You people need to get the stick out of your asses.

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Apr 9, 2011 4:57pm

In reply to teena:

Do you really think Anna Calvi has come around to "change things"? I think not. Most reviews have been positive but what I hear - and feel - is that she is very accomplished, but cold. In other words, studied, but soulless. It's fantastic to have a wide range of female musicians but please the praise in this case, seems a bit too PR-centric.

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Caterina Velasco
Aug 18, 2011 8:56pm

At last, thank goodness, some common sensen in a review. Virtually any female artist coming out since the 90s has been compared, sometimes unfavourably, to PJ Harvey. Quite right, Calvi is in her own league and deserves far more than the clannish sniping from some 'music' fans. At last, it looks like someone may run away with the crown.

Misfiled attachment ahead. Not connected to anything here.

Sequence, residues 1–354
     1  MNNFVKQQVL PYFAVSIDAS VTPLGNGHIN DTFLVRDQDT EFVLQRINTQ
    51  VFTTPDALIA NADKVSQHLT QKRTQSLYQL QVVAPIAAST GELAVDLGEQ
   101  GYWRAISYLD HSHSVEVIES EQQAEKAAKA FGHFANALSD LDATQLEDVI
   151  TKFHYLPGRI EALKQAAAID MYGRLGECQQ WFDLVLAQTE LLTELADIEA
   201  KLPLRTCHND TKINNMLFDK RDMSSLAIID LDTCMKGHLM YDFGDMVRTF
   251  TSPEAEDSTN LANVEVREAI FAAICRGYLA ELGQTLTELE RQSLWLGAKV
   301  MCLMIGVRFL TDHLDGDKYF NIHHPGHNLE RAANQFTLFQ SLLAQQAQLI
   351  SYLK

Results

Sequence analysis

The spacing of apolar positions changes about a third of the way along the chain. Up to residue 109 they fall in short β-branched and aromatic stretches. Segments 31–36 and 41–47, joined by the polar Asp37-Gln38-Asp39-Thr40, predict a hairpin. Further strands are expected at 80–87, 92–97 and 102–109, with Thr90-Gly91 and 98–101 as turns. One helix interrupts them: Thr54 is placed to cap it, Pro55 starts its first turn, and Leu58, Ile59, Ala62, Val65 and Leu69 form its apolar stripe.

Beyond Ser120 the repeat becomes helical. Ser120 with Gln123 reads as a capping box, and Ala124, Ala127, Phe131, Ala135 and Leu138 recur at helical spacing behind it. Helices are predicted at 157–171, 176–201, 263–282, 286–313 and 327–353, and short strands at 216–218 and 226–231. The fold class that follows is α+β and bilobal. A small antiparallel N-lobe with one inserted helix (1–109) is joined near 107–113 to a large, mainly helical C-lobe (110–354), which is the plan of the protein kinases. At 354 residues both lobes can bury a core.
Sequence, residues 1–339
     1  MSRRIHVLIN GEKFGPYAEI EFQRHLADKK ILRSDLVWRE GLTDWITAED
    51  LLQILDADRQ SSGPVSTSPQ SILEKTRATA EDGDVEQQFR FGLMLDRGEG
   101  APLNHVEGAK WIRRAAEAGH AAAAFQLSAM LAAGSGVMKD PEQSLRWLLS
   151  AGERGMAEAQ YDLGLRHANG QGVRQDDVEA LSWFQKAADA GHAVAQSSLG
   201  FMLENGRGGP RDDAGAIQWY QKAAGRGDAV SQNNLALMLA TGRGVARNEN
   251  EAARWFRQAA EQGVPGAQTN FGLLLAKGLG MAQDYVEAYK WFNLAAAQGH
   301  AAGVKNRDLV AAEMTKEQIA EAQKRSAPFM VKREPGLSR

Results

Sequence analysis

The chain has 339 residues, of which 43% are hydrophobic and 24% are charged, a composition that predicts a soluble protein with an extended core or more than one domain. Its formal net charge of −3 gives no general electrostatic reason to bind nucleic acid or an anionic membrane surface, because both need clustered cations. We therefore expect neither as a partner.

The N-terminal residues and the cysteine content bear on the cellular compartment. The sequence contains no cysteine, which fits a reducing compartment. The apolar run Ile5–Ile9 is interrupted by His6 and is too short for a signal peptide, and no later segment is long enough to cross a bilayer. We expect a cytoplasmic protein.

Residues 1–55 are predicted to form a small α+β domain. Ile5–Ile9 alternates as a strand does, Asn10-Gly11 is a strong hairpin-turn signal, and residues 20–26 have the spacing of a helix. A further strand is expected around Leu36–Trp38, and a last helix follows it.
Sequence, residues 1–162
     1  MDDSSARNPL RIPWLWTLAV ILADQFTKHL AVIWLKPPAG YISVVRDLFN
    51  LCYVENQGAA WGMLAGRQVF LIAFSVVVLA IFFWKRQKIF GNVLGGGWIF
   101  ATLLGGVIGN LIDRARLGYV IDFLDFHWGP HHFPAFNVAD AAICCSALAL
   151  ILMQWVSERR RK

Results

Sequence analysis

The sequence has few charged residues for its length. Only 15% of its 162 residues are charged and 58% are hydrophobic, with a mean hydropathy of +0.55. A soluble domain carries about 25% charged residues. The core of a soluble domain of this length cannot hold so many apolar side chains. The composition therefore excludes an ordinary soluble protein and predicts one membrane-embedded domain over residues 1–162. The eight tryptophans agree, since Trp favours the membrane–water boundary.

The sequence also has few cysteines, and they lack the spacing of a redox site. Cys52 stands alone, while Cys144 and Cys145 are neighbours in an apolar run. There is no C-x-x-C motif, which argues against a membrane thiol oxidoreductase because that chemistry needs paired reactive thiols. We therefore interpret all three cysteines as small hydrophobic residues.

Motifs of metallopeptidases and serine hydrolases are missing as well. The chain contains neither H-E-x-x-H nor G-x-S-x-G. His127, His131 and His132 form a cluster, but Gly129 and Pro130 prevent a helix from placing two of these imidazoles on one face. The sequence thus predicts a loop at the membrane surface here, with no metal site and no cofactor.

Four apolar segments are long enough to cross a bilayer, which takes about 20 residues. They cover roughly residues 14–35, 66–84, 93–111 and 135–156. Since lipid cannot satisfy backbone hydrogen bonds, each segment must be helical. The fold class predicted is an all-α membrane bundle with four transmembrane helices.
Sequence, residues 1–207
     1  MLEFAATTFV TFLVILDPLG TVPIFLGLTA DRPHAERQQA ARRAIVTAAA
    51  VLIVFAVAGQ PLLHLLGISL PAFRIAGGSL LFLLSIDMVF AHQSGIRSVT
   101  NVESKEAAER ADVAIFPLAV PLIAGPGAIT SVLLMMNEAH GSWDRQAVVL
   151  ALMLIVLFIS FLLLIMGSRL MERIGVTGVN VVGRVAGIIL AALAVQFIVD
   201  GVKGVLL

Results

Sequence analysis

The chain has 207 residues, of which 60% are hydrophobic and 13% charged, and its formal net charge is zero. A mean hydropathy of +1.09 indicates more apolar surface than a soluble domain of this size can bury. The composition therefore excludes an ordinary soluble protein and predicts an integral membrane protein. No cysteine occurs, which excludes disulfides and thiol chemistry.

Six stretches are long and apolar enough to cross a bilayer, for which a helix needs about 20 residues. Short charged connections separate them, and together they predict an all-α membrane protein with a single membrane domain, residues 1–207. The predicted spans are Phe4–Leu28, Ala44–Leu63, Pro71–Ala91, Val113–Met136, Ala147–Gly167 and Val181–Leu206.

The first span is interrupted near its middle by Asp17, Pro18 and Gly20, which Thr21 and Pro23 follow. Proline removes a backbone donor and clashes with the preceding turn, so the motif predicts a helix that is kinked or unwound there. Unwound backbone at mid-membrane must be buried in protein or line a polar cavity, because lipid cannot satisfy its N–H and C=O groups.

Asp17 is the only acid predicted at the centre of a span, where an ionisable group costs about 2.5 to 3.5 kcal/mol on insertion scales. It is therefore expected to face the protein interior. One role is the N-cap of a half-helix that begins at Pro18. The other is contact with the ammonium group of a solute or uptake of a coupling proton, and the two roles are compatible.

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Jan 8, 2012 6:05pm

In reply to teena:

I completely agree, teena. The silly snobbishness on display here by the PJ Harvey fan club is something else. I doubt if any of those carping on this thread could come up with anything like Anna Calvi has managed. Proof that great artists often have an unfortunately high proportion of pretentious, swivel-eyed folk among their fans.

As for Colette's daft rating of artists according to 'suffering', try this Colette: Anna Calvi spent the first couple of years of her life very ill in hospital. I personally doubt if it makes her music one bit better or worse, but perhaps that will earn her some more grudging respect from an expert like yourself who appears to need accompanying biographical notes in order to evaluate whether art is any good or not.